Charles County Trio Proves that Good Things Do Come in Threes

Girl running while flying kite

Posted October 5‚ 2010

Do good things come in threes? In Charles County, Maryland, that is proving to be the case.

The Charles County Department of Health, Charles County Parks and Recreation, and Civista Medical Center recently teamed up to help families in their community live healthy and have fun while doing it! The partner trio began using We Can!® in July of 2009 when they received a Maryland Department of Health grant.

"It just seemed natural for us to all to work together," said Linda Thomas, Program Manager at the Charles County Department of Health. "We all contribute different resources and bring our tools to the table to really make it happen."

And Charles County really has been making things happen—and the successful partnership is only the start. Since beginning their work with We Can!, Charles County has experienced success in three major areas, including We Can! events, curriculum implementation, and local media coverage.

This past spring the trio sponsored a We Can! Night Out at the Southern Maryland Blue Crabs professional baseball game. At the event, the organizations hosted a We Can! information table, had a We Can! family throw the first pitch, and even had GO, SLOW, and WHOA messages displayed for the 800 game attendees on the stadium's jumbotron. Additionally, the Charles County We Can! trio has hosted a series of other community events, including swim nights, hikes, triathlons, and 5K family fun runs.

Charles County also takes a three-pronged approach to making a difference in their community by engaging three different audiences: health professionals, youth, and parents and caregivers. To recruit participants for their We Can! classes, Thomas and her colleagues from the Charles County Health Department traveled to several local pediatricians' offices, sat in waiting rooms, and persuaded doctors to recommend the classes to at-risk patients and their families. Soon after, the phone was ringing off the hook.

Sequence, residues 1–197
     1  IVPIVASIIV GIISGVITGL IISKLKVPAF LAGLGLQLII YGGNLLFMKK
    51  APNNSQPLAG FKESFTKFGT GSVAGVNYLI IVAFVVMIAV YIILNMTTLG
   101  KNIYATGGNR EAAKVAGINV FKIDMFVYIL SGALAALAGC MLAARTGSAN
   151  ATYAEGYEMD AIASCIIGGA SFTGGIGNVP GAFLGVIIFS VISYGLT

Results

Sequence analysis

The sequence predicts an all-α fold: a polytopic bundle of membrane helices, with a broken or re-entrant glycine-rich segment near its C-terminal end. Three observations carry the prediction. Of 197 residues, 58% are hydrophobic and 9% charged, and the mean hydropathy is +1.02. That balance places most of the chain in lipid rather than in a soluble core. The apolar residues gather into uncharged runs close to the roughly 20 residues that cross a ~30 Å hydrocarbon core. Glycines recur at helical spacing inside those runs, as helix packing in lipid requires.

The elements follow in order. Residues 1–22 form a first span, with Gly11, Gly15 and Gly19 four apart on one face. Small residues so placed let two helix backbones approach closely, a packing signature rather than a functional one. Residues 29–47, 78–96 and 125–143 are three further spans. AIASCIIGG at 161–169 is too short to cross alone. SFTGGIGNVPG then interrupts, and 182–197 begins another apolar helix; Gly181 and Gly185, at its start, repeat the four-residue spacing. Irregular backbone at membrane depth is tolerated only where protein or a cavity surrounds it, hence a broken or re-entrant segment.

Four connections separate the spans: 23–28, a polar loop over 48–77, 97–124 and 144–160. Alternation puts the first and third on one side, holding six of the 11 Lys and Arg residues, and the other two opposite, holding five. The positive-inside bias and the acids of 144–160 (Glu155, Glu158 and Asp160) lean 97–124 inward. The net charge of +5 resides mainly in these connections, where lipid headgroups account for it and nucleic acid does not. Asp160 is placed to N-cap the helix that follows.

"Several times, a doctor would have a patient and the patient's parent in his office, and would call during the appointment to sign the family up for our classes," said Joyce Riggs, Director, Community Development and Planning, Public Information Officer at Civista Health. "Patients would also walk into their doctors' offices waving the We Can! flyer [that advertised the classes], wanting to know more about the program."

Health professionals are also involved in all of the classes. A pediatrician, a dietician, a counselor, a school nurse, and an exercise physiologist attend most of the sessions to provide content expertise and to help with the various sections of the classes, which are comprised of both kids and their parents.

"We really encourage the whole family to come to the classes," said Riggs.

Radio PSAs, PSAs on the local cable television channel, ads in the local paper, and outreach through the Health Department and the hospital also help to capture community residents' attention. All of the outreach efforts seem to work, since most of the events are packed and a total of 40 people (from 25 families) are registered for the fall We Can! class. One thing is for sure: there is no shortage of We Can! activity in Charles County.

Last Updated: February 13, 2013

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